BMW’s Schnitzer entry currently leads the Bathurst 12 Hour after 100 laps and four hours of racing with Brazilian Augusto Farfus behind the wheel.
The race order has shuffled around as different cars start to take their own strategies as the clock ticks down towards the halfway mark, signifying the run to the end.
Though seemingly out of sequence after the #42 qualified outside of the top ten, Farfus jumped behind the wheel of the BMW M6 on lap 86, both of his team-mates already having a steer earlier in the race.
Just over 100 laps in, traffic and cars out of sequence have been the story of the race thus far as management through the slower cars becomes crucial, despite some faster machines clashing with their slower counterparts.
A safety car at the end of the second hour thanks to an incident between Nick Percat in a Class A Ferrari and Mathijis Bakker in the Class I MARC Focus saw the remaining 10 hours start with a bunched up pack.
Luca Stolz remained out front while Steven Kane finally muscled his Bentley past the Mercedes-AMG of Maximilian Buhk for second as another safety car was deployed.
As the leaders made their way up Mountain Straight, the #760 R-Motorsport Aston Martin spun on the exit of The Chase, ending up in the fence with Andreas Baenziger behind the wheel.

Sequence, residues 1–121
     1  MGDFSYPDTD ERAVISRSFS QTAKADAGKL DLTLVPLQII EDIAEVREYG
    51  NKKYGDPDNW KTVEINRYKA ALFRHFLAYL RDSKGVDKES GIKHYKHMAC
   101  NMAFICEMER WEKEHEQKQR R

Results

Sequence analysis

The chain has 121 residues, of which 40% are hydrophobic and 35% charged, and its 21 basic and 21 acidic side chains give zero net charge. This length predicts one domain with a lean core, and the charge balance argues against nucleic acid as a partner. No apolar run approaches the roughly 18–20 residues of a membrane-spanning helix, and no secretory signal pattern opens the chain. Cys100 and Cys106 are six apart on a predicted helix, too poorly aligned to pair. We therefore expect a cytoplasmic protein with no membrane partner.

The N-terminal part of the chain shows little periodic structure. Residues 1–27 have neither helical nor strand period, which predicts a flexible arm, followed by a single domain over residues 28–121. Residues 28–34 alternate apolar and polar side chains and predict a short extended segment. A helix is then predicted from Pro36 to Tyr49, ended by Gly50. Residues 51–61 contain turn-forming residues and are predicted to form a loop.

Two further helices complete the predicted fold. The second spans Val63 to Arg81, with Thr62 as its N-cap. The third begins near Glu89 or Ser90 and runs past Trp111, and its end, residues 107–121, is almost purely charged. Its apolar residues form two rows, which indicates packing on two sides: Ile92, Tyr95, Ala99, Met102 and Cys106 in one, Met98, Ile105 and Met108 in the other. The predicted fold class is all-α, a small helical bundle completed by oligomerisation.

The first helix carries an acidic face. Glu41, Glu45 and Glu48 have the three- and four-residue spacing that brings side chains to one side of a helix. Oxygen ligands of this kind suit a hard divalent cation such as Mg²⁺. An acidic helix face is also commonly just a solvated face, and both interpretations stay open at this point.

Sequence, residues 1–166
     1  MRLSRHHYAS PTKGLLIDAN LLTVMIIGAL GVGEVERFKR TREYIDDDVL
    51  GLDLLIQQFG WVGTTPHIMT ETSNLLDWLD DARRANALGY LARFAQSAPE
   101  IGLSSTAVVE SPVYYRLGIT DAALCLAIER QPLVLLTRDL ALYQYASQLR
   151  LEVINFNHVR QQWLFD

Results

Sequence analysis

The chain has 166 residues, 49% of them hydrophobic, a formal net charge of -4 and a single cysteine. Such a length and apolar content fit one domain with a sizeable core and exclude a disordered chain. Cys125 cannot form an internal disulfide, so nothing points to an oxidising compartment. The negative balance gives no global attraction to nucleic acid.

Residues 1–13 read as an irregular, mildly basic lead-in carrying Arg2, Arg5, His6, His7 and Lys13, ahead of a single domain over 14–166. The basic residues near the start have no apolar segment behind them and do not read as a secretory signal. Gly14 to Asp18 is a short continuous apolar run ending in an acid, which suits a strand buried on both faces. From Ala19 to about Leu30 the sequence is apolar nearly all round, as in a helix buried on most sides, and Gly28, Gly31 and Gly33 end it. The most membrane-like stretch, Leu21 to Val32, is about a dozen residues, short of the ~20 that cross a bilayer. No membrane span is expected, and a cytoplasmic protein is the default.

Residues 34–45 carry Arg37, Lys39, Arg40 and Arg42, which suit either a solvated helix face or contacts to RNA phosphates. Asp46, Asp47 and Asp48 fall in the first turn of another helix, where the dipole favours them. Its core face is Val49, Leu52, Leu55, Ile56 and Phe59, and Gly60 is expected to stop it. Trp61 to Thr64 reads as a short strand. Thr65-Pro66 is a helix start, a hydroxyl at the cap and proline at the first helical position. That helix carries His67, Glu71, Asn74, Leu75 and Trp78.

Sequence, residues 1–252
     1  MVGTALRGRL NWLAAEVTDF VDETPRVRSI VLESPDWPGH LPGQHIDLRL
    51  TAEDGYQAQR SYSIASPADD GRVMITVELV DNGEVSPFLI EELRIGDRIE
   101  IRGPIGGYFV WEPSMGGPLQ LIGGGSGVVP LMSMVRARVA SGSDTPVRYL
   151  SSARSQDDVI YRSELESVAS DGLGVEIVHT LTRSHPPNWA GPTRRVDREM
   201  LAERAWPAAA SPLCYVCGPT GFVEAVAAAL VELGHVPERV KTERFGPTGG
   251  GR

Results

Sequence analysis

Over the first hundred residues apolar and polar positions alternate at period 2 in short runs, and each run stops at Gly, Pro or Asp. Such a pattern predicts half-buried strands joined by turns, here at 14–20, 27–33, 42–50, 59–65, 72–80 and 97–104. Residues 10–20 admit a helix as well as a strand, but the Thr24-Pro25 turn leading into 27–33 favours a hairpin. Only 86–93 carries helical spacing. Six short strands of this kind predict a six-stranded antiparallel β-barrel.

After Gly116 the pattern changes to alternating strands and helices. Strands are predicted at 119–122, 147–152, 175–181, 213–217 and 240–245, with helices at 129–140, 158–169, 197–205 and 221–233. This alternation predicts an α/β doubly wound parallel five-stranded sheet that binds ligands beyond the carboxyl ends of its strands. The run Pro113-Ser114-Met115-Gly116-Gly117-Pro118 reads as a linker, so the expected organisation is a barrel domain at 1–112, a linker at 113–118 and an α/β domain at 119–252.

Under the safety car, a handful of cars pitted as Andy Soucek made a mistake on pit exit, shutting down the #108 Bentley and losing time though luckily he rejoined the line behind team-mate Jules Gounon.
Stolz came in with a four second lead over Christopher Haase on lap 64, climbing out of the #77 Mercedes to hand the machine over to reigning DTM champ, Gary Paffett, on debut at Bathurst.
Haase took over the lead in the #2 Audi R8 ahead of Dirk Werner, driving the #912 Porsche, with the #35 Nissan of Tsugio Matsuda close behind, making it a three-manufacturer battle for the lead.
Jules Gounon in seventh reset the fastest lap of the race on lap 71, chasing down the car nine seconds ahead with a 2:03.5712, still over two seconds away from the GT3 record set by Shane van Gisbergen in 2016.
The #777 Bend Motorsport Park entry of Yasser Shahin earned himself a 15 second penalty after the South Australian circuit owner made contact with Jim Manolios in the #29 Trofeo Motorsport Lamborghini, causing him to go off at Murray’s Corner.
Farfus took the lead just before the four hour mark as Gary Paffett pitted the #77 entry, handing the lead to the BMW. Craig Lowndes pitted the #888 Mercedes-AMG GT3 just on four hours, only 23 laps into his stint looking visibly unhappy with the car.
Words: Jordan Mulach